Wednesday’s panel discussion touched on many aspects of planning for Super Bowl LIII, ranging from transportation to public safety to emergency preparedness. In sum, Daniels described the process as “a massive juggling act.”
Panelists included Daniels, Grady Health System chief of emergency medicine Dr. Hany Atallah, Delta Air Lines chief marketing officer Tim Mapes and Atlanta Convention & Visitors Bureau president and CEO William Pate.
“We want to show the city off,” Pate said. “We want it to be the best Super Bowl ever.
“We’ll have people from all over the world coming here and viewing it on television, so it’s a great marketing opportunity for us to show all of the things that are happening downtown. Just think about the last time we had the Super Bowl and all of the changes that have happened to the city since then. ... This is a great opportunity for us to refresh people’s perspective about the city as a whole.”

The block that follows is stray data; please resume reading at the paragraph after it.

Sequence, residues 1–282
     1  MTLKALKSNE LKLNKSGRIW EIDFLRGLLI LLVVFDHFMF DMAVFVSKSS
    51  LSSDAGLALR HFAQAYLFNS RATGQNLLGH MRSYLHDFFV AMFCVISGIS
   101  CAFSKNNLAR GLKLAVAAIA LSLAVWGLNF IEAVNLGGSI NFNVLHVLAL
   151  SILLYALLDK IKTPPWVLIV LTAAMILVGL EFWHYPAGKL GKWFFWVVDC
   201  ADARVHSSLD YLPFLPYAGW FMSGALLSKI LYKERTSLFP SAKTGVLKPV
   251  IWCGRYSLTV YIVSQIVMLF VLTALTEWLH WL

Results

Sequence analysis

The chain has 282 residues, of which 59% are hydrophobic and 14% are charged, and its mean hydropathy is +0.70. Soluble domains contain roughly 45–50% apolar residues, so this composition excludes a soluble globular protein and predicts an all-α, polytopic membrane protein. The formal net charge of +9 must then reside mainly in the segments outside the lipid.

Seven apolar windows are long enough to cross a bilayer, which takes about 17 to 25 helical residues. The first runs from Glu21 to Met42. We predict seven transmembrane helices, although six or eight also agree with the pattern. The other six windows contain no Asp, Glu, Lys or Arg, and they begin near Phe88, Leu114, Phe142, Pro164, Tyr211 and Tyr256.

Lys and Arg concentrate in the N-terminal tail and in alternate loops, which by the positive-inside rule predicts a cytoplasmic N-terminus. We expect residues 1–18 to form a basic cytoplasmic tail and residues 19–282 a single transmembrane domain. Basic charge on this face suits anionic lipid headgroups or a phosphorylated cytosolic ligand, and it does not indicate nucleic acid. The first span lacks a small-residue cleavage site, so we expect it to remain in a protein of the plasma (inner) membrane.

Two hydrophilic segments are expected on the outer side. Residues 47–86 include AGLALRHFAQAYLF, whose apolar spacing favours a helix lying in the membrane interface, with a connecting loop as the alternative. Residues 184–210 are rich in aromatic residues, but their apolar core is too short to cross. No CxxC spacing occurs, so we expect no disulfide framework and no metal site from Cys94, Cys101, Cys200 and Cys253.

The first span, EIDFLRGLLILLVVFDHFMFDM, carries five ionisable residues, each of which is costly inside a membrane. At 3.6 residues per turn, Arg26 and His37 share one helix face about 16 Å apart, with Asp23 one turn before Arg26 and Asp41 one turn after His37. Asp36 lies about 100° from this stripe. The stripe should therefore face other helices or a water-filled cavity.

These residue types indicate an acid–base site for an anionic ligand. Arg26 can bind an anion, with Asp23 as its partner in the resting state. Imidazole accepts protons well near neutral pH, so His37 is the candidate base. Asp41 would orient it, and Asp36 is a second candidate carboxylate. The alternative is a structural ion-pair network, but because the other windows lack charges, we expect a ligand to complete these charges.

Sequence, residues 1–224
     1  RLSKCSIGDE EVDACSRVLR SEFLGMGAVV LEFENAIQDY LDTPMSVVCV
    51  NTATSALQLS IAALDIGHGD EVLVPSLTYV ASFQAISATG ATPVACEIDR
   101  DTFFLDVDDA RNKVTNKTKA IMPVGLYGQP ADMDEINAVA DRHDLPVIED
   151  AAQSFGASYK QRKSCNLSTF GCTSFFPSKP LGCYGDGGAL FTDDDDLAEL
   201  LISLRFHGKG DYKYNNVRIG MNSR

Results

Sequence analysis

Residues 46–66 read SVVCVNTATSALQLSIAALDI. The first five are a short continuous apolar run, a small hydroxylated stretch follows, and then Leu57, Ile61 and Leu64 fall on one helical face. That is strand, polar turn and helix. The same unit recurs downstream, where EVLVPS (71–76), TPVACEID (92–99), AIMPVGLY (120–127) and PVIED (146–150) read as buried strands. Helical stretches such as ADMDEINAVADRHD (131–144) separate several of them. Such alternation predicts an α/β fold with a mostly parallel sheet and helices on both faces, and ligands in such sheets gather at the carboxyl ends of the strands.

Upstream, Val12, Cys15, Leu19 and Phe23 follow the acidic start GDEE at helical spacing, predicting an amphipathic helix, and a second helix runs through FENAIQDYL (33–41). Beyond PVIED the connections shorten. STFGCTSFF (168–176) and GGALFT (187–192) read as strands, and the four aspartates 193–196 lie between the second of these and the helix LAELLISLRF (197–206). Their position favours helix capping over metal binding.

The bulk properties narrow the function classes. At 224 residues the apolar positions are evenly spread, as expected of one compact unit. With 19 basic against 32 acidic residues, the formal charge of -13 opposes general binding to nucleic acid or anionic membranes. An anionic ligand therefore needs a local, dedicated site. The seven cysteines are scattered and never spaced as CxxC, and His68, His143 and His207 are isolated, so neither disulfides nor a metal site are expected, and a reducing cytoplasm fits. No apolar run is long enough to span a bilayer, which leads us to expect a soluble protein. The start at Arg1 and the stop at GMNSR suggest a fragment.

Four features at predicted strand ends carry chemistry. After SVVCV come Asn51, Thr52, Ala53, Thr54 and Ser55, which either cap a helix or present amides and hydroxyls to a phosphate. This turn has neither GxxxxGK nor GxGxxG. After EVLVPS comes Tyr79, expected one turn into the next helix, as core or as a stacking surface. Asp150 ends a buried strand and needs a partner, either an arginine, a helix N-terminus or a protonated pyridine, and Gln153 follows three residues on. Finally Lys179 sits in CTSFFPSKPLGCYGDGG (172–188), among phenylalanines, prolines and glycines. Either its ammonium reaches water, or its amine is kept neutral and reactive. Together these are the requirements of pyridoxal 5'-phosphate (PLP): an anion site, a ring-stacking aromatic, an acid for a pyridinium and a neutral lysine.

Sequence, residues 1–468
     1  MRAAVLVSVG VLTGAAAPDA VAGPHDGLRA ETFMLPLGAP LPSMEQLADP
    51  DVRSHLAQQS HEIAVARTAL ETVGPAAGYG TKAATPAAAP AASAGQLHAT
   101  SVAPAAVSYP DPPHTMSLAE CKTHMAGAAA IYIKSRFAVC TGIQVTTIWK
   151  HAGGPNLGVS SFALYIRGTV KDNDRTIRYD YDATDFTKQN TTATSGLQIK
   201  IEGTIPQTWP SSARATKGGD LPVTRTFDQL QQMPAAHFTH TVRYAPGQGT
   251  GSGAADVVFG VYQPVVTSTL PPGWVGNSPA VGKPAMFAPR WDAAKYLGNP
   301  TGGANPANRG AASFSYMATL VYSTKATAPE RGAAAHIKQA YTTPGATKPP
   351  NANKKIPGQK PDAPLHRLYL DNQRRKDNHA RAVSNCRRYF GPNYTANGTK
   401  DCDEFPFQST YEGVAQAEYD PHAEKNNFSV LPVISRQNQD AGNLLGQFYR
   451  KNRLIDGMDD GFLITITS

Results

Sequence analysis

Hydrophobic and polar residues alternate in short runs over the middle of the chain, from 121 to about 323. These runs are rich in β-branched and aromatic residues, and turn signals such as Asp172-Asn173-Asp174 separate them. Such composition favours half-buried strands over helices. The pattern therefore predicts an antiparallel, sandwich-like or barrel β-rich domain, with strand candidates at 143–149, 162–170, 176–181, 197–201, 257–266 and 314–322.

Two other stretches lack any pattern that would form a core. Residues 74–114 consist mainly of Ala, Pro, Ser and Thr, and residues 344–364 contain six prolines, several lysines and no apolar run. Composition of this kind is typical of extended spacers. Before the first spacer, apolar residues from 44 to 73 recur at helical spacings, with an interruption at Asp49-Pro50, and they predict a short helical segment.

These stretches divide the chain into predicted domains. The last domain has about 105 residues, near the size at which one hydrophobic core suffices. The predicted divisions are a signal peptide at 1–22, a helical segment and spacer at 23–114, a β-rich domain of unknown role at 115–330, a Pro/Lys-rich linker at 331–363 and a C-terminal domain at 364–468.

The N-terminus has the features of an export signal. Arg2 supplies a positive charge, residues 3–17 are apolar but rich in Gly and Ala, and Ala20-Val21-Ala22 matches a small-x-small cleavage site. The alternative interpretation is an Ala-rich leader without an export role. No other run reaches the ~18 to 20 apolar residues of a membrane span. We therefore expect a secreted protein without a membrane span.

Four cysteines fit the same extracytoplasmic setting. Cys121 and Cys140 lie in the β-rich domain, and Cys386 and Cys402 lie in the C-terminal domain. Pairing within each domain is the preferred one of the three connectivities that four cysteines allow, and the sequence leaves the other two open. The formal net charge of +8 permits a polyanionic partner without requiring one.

Atallah said Grady will be prepared “hospital wide” for any eventuality and may increase staffing levels during Super Bowl weekend.
“From a Delta perspective … we are well aware of what is going to be required of us,” Mapes said. “We will be more than ready.”
Daniels acknowledged Atlantans will have very limited access to game tickets, which are controlled by the NFL. But he said the 10 days of festivities, including outdoor concerts and an indoor fan festival, will allow locals to participate in the Super Bowl spectacle.
“What we want to do is create memories and experiences. Downtown Atlanta will be bustling,” Daniels said. “We’re trying to find ways for over a million people here in the community to touch part of the game.”
About 17,700 people have submitted applications to serve as volunteers during the Super Bowl festivities, Daniels said. About 10,000 will be chosen for the volunteer force, dubbed Team ATL.